Physical inactivity is one of the most important public health issues in the U.S. and internationally. Increasingly, links are being identified between various elements of the physical-or built-environment and physical activity. To understand the impact of the built environment on physical activity, the development of high-quality measures is essential. Three categories of built environment data are being used: (1) perceived measures obtained by telephone interview or self-administered questionnaires; (2) observational measures obtained using systematic observational methods (audits); and (3) archival data sets that are often layered and analyzed with GIS. This review provides a critical assessment of these three types of built-environment measures relevant to the study of physical activity. Among perceived measures, 19 questionnaires were reviewed, ranging in length from 7 to 68 questions. Twenty audit tools were reviewed that cover community environments (i.e., neighborhoods, cities), parks, and trails. For GIS-derived measures, more than 50 studies were reviewed. A large degree of variability was found in the operationalization of common GIS measures, which include population density, land-use mix, access to recreational facilities, and street pattern. This first comprehensive examination of built-environment measures demonstrates considerable progress over the past decade, showing diverse environmental variables available that use multiple modes of assessment. Most can be considered first-generation measures, so further development is needed. In particular, further research is needed to improve the technical quality of measures, understand the relevance to various population groups, and understand the utility of measures for science and public health.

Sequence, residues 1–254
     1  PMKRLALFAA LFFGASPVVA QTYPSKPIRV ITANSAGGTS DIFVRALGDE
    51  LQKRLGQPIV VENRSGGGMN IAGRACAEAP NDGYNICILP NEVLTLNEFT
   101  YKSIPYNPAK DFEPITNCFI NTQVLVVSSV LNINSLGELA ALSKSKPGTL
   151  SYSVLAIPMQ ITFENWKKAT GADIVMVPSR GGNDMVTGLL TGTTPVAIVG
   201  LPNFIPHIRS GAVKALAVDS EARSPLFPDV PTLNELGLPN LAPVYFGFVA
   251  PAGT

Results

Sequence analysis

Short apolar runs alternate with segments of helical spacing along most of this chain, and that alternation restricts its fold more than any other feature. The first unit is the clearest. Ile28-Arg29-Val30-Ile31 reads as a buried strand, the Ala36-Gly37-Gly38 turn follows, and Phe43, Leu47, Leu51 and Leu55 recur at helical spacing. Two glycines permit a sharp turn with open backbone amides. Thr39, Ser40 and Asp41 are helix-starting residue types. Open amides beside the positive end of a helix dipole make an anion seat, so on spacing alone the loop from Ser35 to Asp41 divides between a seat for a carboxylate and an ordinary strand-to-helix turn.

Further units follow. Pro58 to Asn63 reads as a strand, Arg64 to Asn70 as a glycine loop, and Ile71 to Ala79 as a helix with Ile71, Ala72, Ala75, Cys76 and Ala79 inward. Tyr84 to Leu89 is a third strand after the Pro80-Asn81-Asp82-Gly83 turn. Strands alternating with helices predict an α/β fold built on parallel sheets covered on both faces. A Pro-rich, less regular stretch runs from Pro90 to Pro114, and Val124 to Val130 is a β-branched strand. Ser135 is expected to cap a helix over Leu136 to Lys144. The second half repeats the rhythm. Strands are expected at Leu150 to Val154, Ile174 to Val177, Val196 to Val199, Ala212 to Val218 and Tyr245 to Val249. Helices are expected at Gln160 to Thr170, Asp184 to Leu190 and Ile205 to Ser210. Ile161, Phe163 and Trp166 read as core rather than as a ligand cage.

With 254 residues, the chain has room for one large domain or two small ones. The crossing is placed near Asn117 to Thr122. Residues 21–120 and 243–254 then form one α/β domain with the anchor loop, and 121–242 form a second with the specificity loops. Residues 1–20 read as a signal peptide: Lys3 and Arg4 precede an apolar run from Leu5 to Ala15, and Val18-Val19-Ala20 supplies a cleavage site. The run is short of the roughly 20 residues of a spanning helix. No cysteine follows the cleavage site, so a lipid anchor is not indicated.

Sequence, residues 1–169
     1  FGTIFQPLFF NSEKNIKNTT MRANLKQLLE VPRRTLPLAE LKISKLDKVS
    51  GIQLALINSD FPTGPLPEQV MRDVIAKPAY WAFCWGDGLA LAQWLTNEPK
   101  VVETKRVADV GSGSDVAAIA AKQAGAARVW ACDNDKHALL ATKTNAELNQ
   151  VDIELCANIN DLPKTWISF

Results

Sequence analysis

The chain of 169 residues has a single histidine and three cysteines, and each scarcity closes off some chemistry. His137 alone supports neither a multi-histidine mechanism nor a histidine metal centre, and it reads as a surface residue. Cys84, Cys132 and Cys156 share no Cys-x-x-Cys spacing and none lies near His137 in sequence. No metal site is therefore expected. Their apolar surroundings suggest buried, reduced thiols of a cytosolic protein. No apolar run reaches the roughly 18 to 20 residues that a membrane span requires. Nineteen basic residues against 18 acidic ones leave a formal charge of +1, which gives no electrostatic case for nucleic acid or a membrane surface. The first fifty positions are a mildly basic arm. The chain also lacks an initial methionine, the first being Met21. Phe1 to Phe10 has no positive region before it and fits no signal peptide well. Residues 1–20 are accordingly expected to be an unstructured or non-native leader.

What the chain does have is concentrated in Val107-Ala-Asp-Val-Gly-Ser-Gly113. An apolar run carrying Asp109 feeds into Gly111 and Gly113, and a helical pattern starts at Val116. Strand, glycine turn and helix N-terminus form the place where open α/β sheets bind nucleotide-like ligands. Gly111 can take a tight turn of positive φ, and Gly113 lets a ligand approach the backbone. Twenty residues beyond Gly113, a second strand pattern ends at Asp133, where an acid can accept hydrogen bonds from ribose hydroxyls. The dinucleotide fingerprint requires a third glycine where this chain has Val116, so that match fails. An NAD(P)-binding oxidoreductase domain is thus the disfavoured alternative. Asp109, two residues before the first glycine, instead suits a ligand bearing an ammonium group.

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              Socioeconomic status differences in recreational physical activity levels and real and perceived access to a supportive physical environment.